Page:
In Tyler Cowen’s book The Great Stagnation (2011), he argues that the U.S. has been in an economic plateau since approximately 1973, and one of the main reasons is a slowing of technological innovation. In particular, he references a graph by Jonathan Huebner, a physicist, which took major technological innovations as presented in The History of Science and Technology (2004, Bryan Brunch and Alexander Hellemans, including 7,198 significant innovations from 1453 to recently before the book was published), and plotted them over time relative to global population (‘A possible declining trend for worldwide innovation’, Technological Forecasting and Social Change, 72:980-986, 2005).
The peak, in terms of the modified Gaussian distribution, would be 1873.
In a previous post, commenting on Bruce Charlton’s hypothesis that the absolute amount of scientific advancement is falling, I said:
“Near the end of the 19th century, dramatic technological changes involving electrical power, the internal combustion engine, airplanes, and wireless telegraphy (i.e., radio), to name a few, were taking place. My working guess for a peak for technological change in terms of how it affects people would be then.”
So, Huebner’s graph corresponds to an extent with my guess based on reading about historical technological changes, and comparing that to my experience of technological change nowadays. My interest in technological change comes from my hunch that scientific ‘output’ is falling relative to ‘input’, i.e., given the resources devoted to it, we are getting less scientific progress than in, say, the 19th century. This is combined with the idea that significant technological advance is often driven by significant scientific advance, so a way to measure significant scientific advance is through significant technological advance.
John Smart, a systems theorist, has responded to Huebner (‘Measuring Innovation in an Accelerating World’, Technological Forecasting & Social Change, 72:988-995, 2005). Smart’s most interesting rejoinder, as I see it, is as follows:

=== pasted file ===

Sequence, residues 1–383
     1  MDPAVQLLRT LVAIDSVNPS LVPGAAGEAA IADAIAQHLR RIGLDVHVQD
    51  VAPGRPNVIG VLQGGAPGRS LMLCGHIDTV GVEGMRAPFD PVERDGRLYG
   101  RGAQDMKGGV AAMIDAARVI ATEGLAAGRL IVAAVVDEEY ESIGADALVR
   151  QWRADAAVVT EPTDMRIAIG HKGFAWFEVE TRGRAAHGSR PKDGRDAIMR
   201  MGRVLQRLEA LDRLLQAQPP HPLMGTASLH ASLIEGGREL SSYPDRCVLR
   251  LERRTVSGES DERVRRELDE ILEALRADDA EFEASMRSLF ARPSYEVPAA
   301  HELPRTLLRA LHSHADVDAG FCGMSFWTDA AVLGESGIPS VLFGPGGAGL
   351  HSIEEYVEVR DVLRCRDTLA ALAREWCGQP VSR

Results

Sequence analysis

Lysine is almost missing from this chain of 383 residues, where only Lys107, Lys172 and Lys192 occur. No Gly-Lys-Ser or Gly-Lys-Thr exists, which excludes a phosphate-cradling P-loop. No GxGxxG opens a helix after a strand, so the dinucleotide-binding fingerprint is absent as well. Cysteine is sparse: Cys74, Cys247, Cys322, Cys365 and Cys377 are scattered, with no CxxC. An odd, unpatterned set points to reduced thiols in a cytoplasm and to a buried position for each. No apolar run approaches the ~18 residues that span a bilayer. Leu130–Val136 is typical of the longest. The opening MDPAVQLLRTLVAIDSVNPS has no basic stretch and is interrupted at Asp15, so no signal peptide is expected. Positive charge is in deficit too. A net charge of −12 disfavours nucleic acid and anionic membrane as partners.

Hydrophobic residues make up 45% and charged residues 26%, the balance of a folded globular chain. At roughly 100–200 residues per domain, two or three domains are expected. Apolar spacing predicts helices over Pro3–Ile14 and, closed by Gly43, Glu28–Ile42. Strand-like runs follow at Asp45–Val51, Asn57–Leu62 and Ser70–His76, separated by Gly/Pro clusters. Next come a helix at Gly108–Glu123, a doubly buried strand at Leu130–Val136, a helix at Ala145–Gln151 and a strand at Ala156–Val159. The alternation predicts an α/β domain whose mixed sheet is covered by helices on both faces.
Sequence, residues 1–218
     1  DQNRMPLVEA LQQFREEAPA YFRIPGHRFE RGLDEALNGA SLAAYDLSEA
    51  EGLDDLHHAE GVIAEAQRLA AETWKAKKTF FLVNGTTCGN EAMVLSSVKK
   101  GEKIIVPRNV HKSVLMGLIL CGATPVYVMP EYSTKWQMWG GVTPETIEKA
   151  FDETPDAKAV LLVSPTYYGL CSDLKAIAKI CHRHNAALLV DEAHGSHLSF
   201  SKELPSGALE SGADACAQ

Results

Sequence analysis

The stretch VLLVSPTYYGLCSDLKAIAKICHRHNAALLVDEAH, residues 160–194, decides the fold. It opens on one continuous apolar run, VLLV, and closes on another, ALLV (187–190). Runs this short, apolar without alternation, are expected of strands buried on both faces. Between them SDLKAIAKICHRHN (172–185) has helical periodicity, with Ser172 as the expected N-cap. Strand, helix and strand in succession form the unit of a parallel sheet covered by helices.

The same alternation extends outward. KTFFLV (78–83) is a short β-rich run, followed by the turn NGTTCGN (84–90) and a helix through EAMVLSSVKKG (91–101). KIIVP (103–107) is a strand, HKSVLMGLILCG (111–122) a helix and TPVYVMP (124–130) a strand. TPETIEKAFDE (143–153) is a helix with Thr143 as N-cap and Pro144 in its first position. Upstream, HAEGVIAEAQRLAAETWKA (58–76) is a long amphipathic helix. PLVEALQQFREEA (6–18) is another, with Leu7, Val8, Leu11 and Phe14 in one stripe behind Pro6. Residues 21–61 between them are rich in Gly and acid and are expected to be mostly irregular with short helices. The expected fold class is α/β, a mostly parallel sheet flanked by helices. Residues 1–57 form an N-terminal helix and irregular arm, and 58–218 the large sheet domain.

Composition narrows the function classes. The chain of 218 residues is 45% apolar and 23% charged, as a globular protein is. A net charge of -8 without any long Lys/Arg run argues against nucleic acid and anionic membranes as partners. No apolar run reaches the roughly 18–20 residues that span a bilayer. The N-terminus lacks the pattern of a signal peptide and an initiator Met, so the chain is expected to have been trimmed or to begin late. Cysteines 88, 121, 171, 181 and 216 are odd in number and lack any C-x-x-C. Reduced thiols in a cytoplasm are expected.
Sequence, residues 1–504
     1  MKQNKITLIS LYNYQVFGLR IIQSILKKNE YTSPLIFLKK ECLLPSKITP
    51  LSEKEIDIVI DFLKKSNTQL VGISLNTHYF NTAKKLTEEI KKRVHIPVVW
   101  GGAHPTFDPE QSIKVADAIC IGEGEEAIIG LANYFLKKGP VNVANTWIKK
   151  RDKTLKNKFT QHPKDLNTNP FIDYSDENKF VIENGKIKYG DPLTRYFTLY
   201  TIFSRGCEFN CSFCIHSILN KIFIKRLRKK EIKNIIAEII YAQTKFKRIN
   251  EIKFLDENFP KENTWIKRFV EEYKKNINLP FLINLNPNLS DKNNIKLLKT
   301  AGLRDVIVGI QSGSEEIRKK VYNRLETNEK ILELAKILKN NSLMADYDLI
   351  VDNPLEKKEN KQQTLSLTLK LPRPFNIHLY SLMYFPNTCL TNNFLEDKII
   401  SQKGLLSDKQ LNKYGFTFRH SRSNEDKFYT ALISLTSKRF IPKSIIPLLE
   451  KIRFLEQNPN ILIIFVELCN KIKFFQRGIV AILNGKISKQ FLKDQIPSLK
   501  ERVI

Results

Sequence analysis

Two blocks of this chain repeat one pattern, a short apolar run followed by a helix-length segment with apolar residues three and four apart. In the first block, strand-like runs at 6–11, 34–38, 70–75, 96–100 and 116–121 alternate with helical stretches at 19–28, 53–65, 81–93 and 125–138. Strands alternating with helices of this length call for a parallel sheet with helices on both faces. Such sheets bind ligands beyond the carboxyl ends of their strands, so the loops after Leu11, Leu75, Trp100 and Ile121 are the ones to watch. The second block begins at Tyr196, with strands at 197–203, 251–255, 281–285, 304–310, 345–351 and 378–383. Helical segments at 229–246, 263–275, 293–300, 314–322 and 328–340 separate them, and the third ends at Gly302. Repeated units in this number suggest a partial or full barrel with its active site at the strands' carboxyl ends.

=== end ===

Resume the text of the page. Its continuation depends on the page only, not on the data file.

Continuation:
“[T]echnological innovation may be becoming both smoother and subtler in its exponential growth the closer we get to the modern era. Perhaps this is because since the industrial revolution, innovation is being done increasingly by our machines, not by human brains. I believe it is increasingly going on below the perception of humans who are catalysts, not controllers, of our ever more autonomous technological world system.
Ask yourself, how many innovations were required to make a gasoline-electric hybrid automobile like the Toyota Prius, for example? This is just one of many systems that look the same “above the hood” as their predecessors, yet are radically more complex than previous versions. How many of the Prius innovations were a direct result of the computations done by the technological systems involved (CAD-CAM programs, infrastructures, supply chains, etc.) and how many are instead attributable to the computations of individual human minds? How many computations today have become so incremental and abstract that we no longer see them as innovations?
[… Our brains] seem to be increasingly unable to perceive the technology-driven innovation occurring all around us.”
The basic idea here seems to be that much innovation is occurring ‘under the hood’. That is, we just don’t realize how much innovation is involved to do things like create a gasoline-electric hybrid car. So, it might seem like technology isn’t advancing as much as one would expect (given increases in the world’s population), but that isn’t really the case because it’s ‘hidden’.
I’m sure this is true to an extent – there is a large amount of innovation nowadays that we don’t really recognize as it’s hidden in the technological artifacts. Yet, what Huebner is trying to gauge isn’t ‘innovation’, but ‘important innovation’ (“For the purposes of this paper, the rate of innovation is defined as the number of important technological developments per year divided by the world population.”, p. 981). We don’t care how much more complex something is, or how many brute computations went into it, but whether it solves a relevant problem in a way that’s significantly better than the previous solution.
That is, what isn’t important is ‘complexity’. Any competent designer can tell you that complexity often impedes good solutions instead of moving them forward. To say that cars are more ‘complex’ nowadays than before is not to say that the solutions are much better – indeed, it hints that the solutions are marginal and lacking in significant advances in the underlying science.